7. Same blades, hence when Robins shut down the propeller line after the KC-130T accident it effected the USN too. Slightly different processes during processing and rounded tips vs. squared off tips but virtually the same identical prop. As for the NP2000. Big USAF bought off on upgrading the MASS, MAFFS and LC-130s with NP2000 props. That was all to be done...ANG and AFRC were not really happy being stuck with all the remaining Legacy acft (AMC owns only Js) so ANG and AFRC basically said if you are giving us all the left overs, we're going to put NP2000s on them for reliability etc. Funding is huge but worth it...timing is the long pole in the tent, how lone to upgrade all the Legacy with 3.5 and the new props. https://www.ngaus.org/about-ngaus/newsroom/new-urgency
  8. Check out this link. https://news.usni.org/2018/12/06/marine-corps-corroded-propeller-blade-that-broke-loose-caused-2017-kc-130t-crash Can also look at the USN redacted report that was posted on line. Yanky-72 (KC-130T) Acft Mishap Report (redacted).pdf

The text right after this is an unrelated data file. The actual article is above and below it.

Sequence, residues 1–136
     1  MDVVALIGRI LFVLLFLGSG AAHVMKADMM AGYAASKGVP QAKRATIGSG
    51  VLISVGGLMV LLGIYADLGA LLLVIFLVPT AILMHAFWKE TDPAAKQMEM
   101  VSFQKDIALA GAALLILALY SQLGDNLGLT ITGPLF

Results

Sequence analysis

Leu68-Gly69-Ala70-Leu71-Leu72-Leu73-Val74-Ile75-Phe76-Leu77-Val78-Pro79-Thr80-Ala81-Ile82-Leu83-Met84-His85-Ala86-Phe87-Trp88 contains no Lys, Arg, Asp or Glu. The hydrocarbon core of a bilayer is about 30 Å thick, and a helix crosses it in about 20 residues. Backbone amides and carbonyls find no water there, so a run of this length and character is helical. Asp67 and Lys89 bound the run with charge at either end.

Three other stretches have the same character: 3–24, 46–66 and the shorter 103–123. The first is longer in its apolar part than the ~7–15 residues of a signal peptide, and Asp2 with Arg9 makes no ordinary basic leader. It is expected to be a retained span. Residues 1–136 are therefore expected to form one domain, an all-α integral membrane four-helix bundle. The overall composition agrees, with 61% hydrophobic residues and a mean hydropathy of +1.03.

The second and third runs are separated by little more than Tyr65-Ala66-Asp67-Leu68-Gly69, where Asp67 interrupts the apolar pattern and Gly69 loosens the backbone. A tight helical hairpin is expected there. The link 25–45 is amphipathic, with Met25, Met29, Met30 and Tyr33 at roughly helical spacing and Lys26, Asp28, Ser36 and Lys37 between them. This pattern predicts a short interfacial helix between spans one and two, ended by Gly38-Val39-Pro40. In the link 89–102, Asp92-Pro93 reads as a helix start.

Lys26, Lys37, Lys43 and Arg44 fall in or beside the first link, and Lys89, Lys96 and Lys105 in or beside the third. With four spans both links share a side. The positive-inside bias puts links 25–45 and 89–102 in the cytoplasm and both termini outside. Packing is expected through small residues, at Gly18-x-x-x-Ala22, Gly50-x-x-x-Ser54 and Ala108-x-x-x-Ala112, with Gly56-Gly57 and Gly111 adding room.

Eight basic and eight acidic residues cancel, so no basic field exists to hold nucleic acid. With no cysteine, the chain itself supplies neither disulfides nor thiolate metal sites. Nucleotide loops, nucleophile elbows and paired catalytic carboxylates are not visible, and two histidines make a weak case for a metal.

9. 24 June 2019 Patuxent River, Md. - - The Navy has announced the award of the Naval Flight Demonstration Squadron’s new “Fat Albert,” the Blue Angels’ logistics cargo plane. Scheduled for delivery in spring 2020, the $29.7 million contract was awarded to the United Kingdom Ministry of Defence (UK MOD) for a divested C-130J Super Hercules. Cost savings associated with acquisition of the used aircraft and other airworthiness requirements is approximately $50 million less than the cost of a new aircraft. “This is a win-win for the U.S. Navy and the United Kingdom Ministry of Defence,” said Capt. Steven Nassau, PMA-207 program manager. “Just as the Navy recognized the imminent need to replace the Fat Albert aircraft, the UK MOD was divesting of an American made, C-130J; aircraft allowing us to acquire a suitable replacement aircraft at a major cost savings.” In March 2018, PMA-207 received congressional approval to proceed with acquisition of the UK MOD C-130J with funding from Foreign Military Sales proceeds. The last dedicated Fat Albert, a C-130T Hercules, retired May 2019 and now serves as a ground-based training platform in Fort Worth, Texas. Naval Flight Demonstration Squadron will continue flying Navy or Marine Corps C-130 Hercules assets until the replacement aircraft is complete.